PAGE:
The complainant’s evidence at the first trial lasted 2½ days. He had been cross-examined for more than a day by Pell’s barrister, Robert Richter QC, who has a reputation for being one of the best and one of the toughest cross-examiners in the legal profession. Pell did not give evidence, but a record of his police interview denying the allegations was in evidence.
The complainant’s evidence related to events that occurred in 1996 or 1997 when he was in his early teens and a choirboy at St Patrick’s Cathedral, Melbourne.
Most other witnesses had been choirboys, altar servers or cathedral officials in 1996 when Pell first became archbishop of Melbourne.
The complainant claimed the first event, involving four charges, occurred after a solemn Sunday mass celebrated by Pell in the second half of 1996.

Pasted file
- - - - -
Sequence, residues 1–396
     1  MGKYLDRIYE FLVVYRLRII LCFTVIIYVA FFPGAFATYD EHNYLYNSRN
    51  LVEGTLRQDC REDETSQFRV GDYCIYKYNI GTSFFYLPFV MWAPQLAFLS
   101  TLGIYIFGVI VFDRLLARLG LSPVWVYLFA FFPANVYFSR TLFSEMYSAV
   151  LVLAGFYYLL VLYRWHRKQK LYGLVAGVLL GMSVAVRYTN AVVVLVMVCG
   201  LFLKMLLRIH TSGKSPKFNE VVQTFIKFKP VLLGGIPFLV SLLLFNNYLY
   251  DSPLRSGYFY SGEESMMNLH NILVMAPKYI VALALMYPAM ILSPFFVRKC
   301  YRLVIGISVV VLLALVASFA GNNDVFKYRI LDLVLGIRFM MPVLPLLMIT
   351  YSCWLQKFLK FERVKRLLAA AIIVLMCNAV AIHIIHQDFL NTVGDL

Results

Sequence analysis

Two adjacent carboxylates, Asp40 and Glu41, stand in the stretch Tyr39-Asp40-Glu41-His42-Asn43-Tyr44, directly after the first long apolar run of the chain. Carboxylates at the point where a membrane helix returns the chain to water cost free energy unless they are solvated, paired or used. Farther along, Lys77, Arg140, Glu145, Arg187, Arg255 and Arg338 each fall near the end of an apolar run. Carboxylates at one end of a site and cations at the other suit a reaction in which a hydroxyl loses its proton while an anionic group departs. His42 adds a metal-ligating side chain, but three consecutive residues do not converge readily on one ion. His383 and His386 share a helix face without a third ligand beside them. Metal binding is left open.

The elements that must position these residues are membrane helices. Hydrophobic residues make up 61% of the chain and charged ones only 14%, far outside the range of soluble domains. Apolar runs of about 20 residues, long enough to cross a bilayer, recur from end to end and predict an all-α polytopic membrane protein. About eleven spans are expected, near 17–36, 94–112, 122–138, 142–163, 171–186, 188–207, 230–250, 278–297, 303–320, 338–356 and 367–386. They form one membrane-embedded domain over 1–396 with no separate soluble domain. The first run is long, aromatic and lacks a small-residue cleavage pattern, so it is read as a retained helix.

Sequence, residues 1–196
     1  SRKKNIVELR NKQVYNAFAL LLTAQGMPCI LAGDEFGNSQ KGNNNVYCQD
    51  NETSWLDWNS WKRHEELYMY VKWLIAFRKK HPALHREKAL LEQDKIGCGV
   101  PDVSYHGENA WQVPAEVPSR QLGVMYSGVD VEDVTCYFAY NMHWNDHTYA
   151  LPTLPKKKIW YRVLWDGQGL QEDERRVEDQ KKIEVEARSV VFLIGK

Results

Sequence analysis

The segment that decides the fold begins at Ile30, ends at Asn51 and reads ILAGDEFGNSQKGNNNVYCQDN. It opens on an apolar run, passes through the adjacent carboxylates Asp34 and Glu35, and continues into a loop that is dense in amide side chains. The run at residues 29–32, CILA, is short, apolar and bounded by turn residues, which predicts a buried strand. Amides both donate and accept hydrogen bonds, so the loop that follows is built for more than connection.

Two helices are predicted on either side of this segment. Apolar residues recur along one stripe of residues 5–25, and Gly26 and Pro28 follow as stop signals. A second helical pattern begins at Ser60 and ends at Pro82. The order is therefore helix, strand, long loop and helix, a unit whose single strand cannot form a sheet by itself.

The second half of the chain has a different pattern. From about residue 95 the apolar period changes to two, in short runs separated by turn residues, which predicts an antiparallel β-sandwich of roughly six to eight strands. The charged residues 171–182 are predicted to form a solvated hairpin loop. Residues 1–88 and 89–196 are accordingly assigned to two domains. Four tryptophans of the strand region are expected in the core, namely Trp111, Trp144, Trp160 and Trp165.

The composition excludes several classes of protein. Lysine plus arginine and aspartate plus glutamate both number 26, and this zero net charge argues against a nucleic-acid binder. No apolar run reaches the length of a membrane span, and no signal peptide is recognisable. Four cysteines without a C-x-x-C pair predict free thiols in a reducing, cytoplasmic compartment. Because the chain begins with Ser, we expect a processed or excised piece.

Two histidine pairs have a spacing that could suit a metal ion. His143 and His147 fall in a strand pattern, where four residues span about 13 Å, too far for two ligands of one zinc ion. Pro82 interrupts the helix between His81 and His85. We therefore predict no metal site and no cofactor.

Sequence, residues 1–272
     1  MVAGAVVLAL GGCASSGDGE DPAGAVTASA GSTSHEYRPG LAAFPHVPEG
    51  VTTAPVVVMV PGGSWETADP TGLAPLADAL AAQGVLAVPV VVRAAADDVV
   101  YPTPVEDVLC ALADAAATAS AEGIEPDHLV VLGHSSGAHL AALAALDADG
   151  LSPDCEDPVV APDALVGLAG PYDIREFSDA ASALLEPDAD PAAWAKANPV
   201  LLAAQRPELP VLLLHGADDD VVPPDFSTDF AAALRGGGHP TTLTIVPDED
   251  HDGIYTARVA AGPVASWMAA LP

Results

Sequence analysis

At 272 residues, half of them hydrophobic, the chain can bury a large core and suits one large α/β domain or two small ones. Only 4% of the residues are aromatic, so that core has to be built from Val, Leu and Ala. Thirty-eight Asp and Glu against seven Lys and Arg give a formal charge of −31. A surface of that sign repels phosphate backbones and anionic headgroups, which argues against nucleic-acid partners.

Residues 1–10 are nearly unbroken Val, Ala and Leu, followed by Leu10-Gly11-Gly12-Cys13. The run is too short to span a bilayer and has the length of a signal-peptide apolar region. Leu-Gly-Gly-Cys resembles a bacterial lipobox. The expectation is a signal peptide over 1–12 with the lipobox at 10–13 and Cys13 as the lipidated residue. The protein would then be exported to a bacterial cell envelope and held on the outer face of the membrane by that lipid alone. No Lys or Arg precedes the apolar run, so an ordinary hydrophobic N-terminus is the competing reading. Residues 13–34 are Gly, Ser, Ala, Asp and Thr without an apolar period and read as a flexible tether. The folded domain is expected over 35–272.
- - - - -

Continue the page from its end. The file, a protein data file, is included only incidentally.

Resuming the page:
It was common ground between the prosecution and the defense that the dates to which these four charges must be attributed were December 15, 1996, or December 22, 1996.
These were the dates on which the first and second solemn Sunday masses were celebrated by Pell in the cathedral after he had become archbishop in August 1996. The cathedral had been undergoing renovations and was not used for Sunday masses during earlier months of 1996.
The complainant said he and another choirboy left the liturgical procession at the end of one Sunday mass and went fossicking in the off-limits sacristy where they started swilling altar wine.
The archbishop arrived unaccompanied, castigated them, and then, while fully robed in his copious liturgical vestments, proceeded to commit three sexual acts, including oral penetration of the complainant. The complainant said the sacristy door was wide open and altar servers were passing along the corridor. The complainant said he and the other boy then returned to choir practice. The choir was making a Christmas recording at that time.